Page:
Fentanyl or midazolam for co-induction of anaesthesia with propofol in dogs

G Covey-Crump, PJ Murison

Research output: Contribution to journalArticle (Academic Journal)peer-review

59 Citations (Scopus)

Abstract

Abstract Objective: Propofol may cause adverse effects (e.g. apnoea, hypotension) at induction of anaesthesia. Co-induction of anaesthesia may reduce propofol requirements. The effect of fentanyl or midazolam on propofol dose requirements and cardiorespiratory parameters was studied. Study design:  Randomized, controlled, blinded clinical study. Animals:  Sixty-six client owned dogs (35 male, 31 female, ASA I-II, age 6–120 months, body mass 4.7–48.0 kg) were selected. Methods:  Pre-medication with acepromazine (0.025 mg kg−1) and morphine (0.25 mg kg−1) was administered by intramuscular injection. After 30 minutes group fentanyl-propofol (FP) received fentanyl (2 μg kg−1), group midazolam-propofol (MP) midazolam (0.2 mg kg−1) injected over 30 seconds via a cephalic catheter and in a third group, control-propofol (CP), the IV catheter was flushed with an equivalent volume of heparinized saline. Anaesthesia was induced 2 minutes later, with propofol (4 mg kg−1minute−1) administered to effect. After endotracheal intubation anaesthesia was maintained with a standardized anaesthetic protocol. Pulse rate, respiratory rate (RR) and mean arterial pressure (MAP) were recorded before the co-induction agent, before induction, and 0, 2 and 5 minutes after intubation. Apnoea ≥30 seconds was recorded and treated. Sedation after pre-medication, activity after the co-induction agent, quality of anaesthetic induction and endotracheal intubation were scored. Results:  Propofol dose requirement was significantly reduced in FP [2.90 mg kg−1(0.57)] compared to CP [3.51 mg kg−1 (0.74)] and MP [3.58 mg kg−1(0.49)]. Mean pulse rate was higher in MP than in CP or FP (p = 0.003). No statistically significant difference was found between groups in mean RR, MAP or incidence of apnoea. Activity score was significantly higher (i.e. more excited) (p = 0.0001), and quality of induction score was significantly poorer (p = 0.0001) in MP compared to CP or FP. Intubation score was similar in all groups. Conclusions and clinical relevance:  Fentanyl decreased propofol requirement but did not significantly alter cardiovascular parameters. Midazolam did not reduce propofol requirements and caused excitement in some animals.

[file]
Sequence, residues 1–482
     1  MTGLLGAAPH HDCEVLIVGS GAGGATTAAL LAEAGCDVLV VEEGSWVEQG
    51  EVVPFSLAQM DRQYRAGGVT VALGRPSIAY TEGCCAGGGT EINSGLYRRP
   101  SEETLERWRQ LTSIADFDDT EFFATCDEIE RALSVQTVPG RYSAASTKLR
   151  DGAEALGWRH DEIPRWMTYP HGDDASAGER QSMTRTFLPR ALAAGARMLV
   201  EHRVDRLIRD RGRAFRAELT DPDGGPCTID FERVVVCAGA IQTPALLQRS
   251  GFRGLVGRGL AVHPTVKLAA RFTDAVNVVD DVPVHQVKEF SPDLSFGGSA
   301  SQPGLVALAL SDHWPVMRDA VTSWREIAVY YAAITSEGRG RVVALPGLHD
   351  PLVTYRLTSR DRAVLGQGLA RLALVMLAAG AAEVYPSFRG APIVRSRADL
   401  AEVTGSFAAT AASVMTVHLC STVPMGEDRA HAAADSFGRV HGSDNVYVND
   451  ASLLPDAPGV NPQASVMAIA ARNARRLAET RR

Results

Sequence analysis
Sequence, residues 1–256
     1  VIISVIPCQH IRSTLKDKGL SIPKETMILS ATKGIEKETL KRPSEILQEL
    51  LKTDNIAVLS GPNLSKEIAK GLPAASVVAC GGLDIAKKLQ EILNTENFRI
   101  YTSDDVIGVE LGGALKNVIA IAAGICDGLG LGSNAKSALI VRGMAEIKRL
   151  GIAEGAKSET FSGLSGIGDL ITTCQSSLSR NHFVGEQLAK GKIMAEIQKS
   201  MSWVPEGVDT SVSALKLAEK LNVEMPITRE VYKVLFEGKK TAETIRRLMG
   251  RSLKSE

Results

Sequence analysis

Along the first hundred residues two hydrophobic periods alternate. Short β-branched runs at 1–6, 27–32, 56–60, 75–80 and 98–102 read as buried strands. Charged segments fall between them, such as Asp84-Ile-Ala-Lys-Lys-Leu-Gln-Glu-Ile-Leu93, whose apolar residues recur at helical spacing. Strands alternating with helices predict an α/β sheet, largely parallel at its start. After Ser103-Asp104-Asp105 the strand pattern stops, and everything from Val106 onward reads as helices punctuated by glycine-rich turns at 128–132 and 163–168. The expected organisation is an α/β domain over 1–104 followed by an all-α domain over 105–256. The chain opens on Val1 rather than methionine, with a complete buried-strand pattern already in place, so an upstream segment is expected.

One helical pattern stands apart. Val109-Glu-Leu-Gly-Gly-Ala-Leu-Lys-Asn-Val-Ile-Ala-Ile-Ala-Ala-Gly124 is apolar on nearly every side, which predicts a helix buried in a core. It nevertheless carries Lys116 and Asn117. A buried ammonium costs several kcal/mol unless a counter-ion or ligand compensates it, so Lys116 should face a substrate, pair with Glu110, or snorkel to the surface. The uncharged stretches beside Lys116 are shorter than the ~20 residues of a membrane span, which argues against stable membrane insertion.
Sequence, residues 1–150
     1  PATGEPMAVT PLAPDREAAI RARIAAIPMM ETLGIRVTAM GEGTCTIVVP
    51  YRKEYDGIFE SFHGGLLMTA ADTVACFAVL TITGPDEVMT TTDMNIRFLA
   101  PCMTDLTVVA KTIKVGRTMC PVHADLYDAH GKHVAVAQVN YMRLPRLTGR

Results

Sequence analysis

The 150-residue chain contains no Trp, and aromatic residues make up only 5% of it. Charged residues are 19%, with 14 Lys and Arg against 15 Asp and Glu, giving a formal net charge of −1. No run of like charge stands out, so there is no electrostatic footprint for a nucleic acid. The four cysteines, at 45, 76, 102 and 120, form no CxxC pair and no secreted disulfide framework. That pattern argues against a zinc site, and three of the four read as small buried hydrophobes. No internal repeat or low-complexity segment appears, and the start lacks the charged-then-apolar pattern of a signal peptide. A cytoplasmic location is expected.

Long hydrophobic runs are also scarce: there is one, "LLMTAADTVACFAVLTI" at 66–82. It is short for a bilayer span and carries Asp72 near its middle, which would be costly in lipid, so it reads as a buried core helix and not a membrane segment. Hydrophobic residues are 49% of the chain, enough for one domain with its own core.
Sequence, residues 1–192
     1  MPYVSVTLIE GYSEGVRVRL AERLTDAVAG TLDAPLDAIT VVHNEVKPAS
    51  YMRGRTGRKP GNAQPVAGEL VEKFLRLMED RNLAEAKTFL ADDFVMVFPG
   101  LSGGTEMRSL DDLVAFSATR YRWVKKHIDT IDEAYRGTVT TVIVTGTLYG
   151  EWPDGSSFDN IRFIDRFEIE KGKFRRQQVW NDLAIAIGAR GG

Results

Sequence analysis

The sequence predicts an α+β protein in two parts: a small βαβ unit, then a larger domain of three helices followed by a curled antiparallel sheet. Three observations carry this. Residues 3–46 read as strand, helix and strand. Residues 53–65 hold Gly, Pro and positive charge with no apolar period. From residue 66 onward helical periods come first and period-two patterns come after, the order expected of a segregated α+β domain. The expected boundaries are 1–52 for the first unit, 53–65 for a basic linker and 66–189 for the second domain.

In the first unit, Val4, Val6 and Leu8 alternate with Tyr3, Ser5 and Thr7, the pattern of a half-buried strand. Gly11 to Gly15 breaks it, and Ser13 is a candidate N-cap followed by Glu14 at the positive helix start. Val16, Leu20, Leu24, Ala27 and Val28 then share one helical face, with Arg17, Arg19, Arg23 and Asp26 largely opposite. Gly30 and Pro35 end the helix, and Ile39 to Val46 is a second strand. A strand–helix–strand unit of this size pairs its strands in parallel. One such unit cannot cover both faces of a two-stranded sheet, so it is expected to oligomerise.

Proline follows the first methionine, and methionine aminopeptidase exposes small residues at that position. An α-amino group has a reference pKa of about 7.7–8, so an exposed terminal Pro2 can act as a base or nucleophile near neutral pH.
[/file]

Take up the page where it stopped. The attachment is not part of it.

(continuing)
Translated title of the contributionFentanyl or midazolam for co-induction of anaesthesia with propofol in Dogs
Original languageEnglish
Pages (from-to)463 - 472
Number of pages10
JournalVeterinary Anaesthesia and Analgesia
Volume35(6)
DOIs
Publication statusPublished - Nov 2008

Bibliographical note

Publisher: Wiley-Blackwell

Keywords

  • anaesthesia;co-induction;dog;fentanyl;midazolam;propofol

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